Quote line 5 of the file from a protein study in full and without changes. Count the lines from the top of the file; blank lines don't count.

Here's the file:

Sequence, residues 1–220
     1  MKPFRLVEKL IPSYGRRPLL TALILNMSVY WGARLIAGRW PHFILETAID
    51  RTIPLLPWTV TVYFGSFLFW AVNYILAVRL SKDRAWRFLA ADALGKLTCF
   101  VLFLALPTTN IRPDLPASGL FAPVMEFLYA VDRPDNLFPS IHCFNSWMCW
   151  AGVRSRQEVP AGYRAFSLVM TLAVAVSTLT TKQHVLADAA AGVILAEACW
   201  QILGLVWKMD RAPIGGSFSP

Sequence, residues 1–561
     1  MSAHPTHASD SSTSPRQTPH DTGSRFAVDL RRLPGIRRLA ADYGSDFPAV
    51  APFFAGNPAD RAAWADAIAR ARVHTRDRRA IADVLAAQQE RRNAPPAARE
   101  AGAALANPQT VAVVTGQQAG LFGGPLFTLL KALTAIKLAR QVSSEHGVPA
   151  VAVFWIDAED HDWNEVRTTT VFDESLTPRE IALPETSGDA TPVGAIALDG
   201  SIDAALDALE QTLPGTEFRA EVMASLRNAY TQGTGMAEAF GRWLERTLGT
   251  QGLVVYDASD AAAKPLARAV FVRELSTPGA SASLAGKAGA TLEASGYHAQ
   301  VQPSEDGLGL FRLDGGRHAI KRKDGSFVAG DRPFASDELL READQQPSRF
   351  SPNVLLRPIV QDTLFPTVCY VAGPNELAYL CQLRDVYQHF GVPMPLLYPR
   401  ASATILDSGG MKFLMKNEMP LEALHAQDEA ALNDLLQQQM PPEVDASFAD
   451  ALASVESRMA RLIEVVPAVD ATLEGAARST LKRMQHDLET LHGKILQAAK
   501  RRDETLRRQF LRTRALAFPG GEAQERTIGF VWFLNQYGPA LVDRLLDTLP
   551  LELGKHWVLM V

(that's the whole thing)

   151  AGVRSRQEVP AGYRAFSLVM TLAVAVSTLT TKQHVLADAA AGVILAEACW